While maybe not the most creative of names, BingTweets are just what they sound like - a combination of Microsoft's Bing search engine and Twitter messages coming together in a new site.
"Many people share their thoughts on Twitter, and search engines don’t currently do a great job of capturing that real-time content. We designed Bing to help you make faster, more informed decisions, and, since people often turn to real-time content to help them make decisions, BingTweets was a logical next step," Microsoft wrote on Bing's community blog.
To give an example, Microsoft said that as Harry Potter and the Half Blood Prince opens, surfers can scan the official reviews, local theater listing, and get the scoop from the latest Tweets related to the movie, all in one fell swoop.
In its early form, the BingTweet website shows a list of popular terms at the top of the page grouped into different categories, and a search box sits to the right. Once you search for a term, the results are listed in typical Bing fashion taking up the majority of the page, with a column on the left slowly scrolling through related Twitter messages.
Give it a try right here, then hit the jump and tell us what you think.
It seems as though SSD manufacturers are increasingly taking aim at the performance market, and that's certainly the case with Corsair's new Extreme Series SSDs.
Available in 32GB, 64GB, and 128GB capacities, the Extreme Series X32, X64, and X128 boast read speeds of up to 240MB/s and write speeds of up to 170MB/s. All three drives also incorporate the Indilinx Barefoot controller and Samsung MLC NAND flash memory.
"The combination of the Indilinx Barefoot controller, Samsung flash memory, and 64MB of on-board cache delivers blistering, stutter-free performance, eliminating the bottleneck imposed by traditional mechanical hard disks," said Jim Carlton, VP of Marketing at Corsair.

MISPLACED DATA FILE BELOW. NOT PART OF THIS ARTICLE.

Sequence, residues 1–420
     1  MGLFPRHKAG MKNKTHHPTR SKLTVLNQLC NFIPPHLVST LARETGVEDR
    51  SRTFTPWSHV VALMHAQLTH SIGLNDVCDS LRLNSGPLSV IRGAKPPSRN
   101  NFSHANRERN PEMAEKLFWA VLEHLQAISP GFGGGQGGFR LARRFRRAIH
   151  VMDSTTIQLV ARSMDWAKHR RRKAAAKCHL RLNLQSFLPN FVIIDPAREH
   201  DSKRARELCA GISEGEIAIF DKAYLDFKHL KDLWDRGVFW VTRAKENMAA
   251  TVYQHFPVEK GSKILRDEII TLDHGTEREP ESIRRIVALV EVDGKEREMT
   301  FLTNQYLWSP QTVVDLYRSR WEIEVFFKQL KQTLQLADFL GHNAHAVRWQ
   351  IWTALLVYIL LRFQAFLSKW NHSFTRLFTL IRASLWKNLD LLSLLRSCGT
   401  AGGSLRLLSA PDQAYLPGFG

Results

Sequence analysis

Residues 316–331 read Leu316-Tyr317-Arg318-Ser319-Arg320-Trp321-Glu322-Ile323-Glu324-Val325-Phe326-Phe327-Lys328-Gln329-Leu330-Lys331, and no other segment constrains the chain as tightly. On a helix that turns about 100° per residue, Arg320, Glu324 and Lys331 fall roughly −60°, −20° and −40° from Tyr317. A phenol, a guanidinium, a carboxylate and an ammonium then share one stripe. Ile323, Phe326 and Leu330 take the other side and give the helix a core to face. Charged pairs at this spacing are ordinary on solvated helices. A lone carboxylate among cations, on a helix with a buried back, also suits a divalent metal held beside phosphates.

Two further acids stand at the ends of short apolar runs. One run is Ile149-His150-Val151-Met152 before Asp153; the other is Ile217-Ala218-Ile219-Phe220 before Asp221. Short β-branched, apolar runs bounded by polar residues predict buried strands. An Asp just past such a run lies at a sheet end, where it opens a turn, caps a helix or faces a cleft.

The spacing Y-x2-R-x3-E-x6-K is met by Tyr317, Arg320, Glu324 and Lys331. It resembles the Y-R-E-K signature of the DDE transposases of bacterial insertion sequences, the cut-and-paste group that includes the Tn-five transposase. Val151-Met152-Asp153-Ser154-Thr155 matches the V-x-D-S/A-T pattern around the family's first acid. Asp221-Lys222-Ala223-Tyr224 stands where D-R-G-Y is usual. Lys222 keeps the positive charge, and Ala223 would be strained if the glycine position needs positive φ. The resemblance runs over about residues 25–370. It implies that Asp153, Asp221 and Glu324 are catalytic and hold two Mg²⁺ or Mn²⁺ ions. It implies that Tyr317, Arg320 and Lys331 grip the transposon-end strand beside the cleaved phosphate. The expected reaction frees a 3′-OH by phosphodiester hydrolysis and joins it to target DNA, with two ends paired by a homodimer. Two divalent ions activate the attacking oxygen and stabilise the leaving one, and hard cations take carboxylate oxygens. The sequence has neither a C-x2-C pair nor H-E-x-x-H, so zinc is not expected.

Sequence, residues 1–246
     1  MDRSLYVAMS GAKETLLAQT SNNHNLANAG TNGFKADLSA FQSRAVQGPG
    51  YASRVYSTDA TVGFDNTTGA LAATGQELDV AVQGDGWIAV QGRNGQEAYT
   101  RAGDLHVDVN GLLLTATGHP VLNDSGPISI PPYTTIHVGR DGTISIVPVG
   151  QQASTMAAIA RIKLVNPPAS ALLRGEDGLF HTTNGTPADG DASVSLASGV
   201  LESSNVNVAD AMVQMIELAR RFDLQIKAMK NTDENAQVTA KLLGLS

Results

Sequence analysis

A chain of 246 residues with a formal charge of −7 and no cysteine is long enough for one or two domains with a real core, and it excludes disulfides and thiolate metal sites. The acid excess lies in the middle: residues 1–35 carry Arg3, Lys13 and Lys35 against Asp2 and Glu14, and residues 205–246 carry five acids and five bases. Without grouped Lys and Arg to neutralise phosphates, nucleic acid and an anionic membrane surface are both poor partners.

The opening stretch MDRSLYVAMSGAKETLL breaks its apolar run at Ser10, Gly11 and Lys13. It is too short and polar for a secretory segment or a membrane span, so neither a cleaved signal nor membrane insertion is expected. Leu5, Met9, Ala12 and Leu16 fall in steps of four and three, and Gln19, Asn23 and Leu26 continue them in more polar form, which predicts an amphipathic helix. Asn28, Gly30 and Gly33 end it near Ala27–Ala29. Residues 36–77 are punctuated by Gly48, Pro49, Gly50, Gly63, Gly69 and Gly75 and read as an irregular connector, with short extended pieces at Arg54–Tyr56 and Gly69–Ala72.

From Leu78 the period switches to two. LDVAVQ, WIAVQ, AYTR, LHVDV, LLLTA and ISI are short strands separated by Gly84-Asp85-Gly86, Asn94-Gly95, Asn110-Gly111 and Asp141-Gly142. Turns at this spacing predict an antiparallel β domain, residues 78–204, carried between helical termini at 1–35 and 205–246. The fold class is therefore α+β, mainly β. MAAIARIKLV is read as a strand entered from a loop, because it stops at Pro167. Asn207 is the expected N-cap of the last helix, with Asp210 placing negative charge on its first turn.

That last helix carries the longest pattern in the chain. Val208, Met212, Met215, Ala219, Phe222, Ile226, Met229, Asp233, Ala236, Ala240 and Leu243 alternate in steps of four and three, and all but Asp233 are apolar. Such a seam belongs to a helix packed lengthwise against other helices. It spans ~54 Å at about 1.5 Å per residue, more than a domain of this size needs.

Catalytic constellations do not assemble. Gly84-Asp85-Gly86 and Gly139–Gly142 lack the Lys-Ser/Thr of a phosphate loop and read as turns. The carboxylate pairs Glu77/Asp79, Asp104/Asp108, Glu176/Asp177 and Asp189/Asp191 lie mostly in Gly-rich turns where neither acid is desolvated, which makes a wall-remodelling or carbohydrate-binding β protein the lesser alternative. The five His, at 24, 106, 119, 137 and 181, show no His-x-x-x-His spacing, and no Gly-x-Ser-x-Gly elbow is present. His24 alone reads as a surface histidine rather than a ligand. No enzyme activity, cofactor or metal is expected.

In addition, Corsair says its Extreme Series also come with user-upgradeable firmware, which will later add features such as the upcoming TRIM command for Windows 7.
Corsair says the drives are available now, though we didn't spot any being sold at the usual online outlets. Suffice to say, no word on price.
The videocard industry typically works on an 18-month cycle for each GPU design. Last year, Nvidia released the GT200 and ATI launched the RV770. Both are speedy, DirectX 10-capable parts, packed with shader processing power and capable of running the most demanding games at top speed. We tested Nvidia’s first refresh of the GT200 last month (the GeForce GTX 285); now it’s time to put ATI’s first re-spin of RV770 under the microscope, with Asus’s Radeon EAH4890 TOP.
The 4890’s RV790 GPU is built on a 55nm process, just like its predecessors; however, ATI made fairly significant tweaks to the GPU’s structure in order to accommodate higher clock speeds. Asus’s stock overclock is a testament to that revamp. The Asus board’s stock clock is 900MHz (the default stock clock for 4890 boards is 850MHz). Likewise, the board’s quad-pumped GDDR5 memory sits on the same 256-bit bus but runs at 1,000MHz (the stock speed for 4890 boards is 950MHz). The star of the Radeon 4890’s show remains the GPU’s 800 shader units, which handle the heavy lifting in shader-heavy modern games, such as Crysis.
Intel, the world’s largest semiconductor company, suffers from a Freudian case of appendage envy. The appendage is an ARM.